With a commanding spot at the center of the city, the Plaza de Armas is perhaps the best point from which to start exploring the city. From here you can access all of the Cuscoâ€™s major attractions, which spread out across the city along all four points of the compass. Within the Plaza de Armas you will find the Portal de Panes, Cusco Cathedral, Chapel of the Immaculate Conception, Chapel of El SeĂ±or de los Temblores, Museo Inka, and Iglesia de la CompaĂ±Ăa de JesĂşs.
Following CallejĂłn Loreto to the west of the Plaza de Armas will bring you to the spectacular stone walls of ancient Acclahuasi, or Temple of the Sun Virgins, where the Spanish built the Convent of Santa Catalina in 1610. Today about thirty sisters continue to live and worship here; inside is the Museo de Arte y Monasterio de Santa Catalina.
Southeast from the convent, at the intersection of Avenida El Sol and Calle Santa Domingo, is the complex of Qoricancha Templo del Sol and Santo Domingo, a wonderful example of the cityâ€™s characteristic mix of Spanish and Inca cultures. Within three minuteâ€™s walk of this architectural amalgamation is the Museo de Sitio Qoricancha, which offers an interesting display of various archeological artifacts.
To the southwest of the Plaza de Armas are the Iglesia y Convento de la Merced and the Plaza de San Francisco, where you will find the Museo y Convento de San Francisco. Further to the south is the Central Market, which is known for its quality alpaca goods and antique textiles. Another area of interest lies near the Plaza Regocijo, just a block southwest of the Plaza de Armas. In the southwest corner of the plaza stands the Museo HistĂłrico Regional, the residence of a prolific half-Inca, half-Spanish poet and author, and now the home to pre-Inca ceramics, Inca artifacts and numerous examples of Cuscoâ€™s historic art.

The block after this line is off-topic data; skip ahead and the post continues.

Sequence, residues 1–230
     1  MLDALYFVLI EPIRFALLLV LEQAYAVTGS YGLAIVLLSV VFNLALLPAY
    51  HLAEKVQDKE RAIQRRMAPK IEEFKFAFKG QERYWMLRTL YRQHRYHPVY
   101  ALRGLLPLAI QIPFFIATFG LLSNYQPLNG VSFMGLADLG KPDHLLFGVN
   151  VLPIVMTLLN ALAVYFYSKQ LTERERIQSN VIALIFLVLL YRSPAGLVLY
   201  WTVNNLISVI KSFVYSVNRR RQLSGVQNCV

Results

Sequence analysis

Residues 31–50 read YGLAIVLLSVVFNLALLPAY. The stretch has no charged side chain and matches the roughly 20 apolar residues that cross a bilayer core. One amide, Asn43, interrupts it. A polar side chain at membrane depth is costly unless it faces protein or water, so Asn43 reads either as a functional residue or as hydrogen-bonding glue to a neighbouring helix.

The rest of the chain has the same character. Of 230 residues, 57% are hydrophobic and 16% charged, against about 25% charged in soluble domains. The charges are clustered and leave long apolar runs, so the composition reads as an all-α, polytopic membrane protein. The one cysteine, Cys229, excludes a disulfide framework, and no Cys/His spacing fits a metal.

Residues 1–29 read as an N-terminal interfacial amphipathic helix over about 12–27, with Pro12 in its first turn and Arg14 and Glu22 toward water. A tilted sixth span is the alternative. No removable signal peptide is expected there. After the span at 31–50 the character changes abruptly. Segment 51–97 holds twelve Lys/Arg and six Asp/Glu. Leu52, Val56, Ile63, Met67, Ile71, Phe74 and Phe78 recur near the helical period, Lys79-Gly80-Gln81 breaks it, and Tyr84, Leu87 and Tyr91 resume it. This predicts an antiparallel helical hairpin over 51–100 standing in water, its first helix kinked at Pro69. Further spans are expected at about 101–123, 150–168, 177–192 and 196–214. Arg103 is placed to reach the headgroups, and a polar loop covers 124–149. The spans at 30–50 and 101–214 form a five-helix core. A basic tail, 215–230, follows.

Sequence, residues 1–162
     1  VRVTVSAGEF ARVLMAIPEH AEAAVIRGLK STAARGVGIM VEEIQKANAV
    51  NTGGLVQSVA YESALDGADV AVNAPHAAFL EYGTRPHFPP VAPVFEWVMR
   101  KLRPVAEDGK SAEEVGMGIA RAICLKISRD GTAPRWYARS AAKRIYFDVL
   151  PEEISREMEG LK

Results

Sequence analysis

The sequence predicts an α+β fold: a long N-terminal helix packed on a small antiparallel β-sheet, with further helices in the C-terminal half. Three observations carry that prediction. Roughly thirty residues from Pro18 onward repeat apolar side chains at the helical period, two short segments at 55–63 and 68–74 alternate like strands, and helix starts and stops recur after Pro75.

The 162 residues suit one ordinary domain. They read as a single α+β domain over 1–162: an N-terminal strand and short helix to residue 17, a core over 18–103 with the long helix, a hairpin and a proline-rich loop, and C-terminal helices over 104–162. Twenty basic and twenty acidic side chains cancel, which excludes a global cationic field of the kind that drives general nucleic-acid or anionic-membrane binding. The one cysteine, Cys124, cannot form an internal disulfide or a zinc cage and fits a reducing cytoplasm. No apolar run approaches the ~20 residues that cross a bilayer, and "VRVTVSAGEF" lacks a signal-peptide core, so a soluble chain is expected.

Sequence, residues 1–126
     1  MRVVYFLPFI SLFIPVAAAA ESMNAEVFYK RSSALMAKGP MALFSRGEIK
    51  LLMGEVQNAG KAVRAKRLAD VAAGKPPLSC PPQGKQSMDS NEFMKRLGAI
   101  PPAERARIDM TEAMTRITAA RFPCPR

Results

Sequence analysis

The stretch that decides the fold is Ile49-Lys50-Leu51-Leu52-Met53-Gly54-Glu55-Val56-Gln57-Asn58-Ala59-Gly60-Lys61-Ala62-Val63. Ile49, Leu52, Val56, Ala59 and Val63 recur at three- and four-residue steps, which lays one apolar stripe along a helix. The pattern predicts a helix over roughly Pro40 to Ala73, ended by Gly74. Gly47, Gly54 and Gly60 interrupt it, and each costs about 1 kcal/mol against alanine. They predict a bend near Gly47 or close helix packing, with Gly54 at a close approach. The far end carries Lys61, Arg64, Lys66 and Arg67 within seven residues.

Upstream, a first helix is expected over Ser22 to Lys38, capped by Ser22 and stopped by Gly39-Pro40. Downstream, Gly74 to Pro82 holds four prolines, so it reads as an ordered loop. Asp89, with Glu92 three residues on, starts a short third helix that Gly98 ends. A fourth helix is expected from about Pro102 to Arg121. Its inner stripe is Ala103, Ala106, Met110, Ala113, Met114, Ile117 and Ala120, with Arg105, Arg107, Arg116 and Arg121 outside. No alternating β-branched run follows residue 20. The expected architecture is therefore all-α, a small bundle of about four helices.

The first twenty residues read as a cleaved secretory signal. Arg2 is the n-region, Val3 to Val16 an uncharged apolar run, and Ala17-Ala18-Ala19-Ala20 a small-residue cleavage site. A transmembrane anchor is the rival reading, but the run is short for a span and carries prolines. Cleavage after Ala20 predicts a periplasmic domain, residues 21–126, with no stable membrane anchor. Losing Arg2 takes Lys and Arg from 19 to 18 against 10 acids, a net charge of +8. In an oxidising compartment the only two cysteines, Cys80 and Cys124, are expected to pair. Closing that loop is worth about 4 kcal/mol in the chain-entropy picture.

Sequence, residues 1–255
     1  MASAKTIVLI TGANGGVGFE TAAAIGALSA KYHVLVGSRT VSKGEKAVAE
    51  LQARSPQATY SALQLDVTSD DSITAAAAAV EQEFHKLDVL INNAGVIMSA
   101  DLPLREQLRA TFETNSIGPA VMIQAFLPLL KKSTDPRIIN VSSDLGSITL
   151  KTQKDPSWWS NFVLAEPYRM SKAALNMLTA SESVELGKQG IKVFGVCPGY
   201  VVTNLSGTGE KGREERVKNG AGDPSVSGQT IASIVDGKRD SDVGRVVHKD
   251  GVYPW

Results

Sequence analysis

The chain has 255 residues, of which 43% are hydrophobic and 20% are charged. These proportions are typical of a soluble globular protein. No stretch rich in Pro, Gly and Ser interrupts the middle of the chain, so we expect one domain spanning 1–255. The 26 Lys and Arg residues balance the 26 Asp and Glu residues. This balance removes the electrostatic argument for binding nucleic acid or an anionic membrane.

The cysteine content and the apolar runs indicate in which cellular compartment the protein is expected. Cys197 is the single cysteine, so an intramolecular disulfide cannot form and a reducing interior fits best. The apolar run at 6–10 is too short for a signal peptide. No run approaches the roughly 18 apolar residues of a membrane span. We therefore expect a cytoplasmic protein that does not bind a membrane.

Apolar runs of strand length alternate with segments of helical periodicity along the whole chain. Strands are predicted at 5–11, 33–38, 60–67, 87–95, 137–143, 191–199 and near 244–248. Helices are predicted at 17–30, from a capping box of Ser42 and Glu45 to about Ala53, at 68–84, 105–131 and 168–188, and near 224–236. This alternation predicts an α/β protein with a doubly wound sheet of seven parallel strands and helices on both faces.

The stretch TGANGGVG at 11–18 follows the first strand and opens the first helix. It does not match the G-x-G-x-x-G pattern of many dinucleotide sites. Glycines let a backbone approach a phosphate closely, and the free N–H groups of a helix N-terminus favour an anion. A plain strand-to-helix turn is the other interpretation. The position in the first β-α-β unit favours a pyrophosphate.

If youâ€™re in need of a drink but donâ€™t want to stray too far, then follow Calle Santa Teresa from Plaza Regocijo to the House of the Pumas, a small cafĂ© whose entrance sports six pumas carved by the Spanish during the rebuilding of Cusco. Not far from the cafĂ© is the Iglesia de Santa Teresa, which features beautiful paintings of St. Teresa, usually illuminated by candlelight.
Wander northeast of the Plaza de Armas, along Calle CĂłrdoba del TucmĂˇn, and youâ€™ll stumble across Plaza Nazarenas, a small and quiet section of town that boasts the Chapel of San Antonio Abad, Museo de CerĂˇmica, and Museo Taller Hilario Mendivil. This area also has four other important attractions: the Museo de Arte Religioso, Hathun Rumiyoq, the most famous Inca passageway in the city; and Iglesia San Blas and San Blas, a bustling artisan neighborhood whose steep cobblestone streets offer fantastic views of the city.
NOTE: Whether or not you plan to visit all the attractions in Cusco, it is worth purchasing the Cusco Tourist Ticket (Boleto TurĂstico), which covers many of the historic museums and ruins in the Cusco area.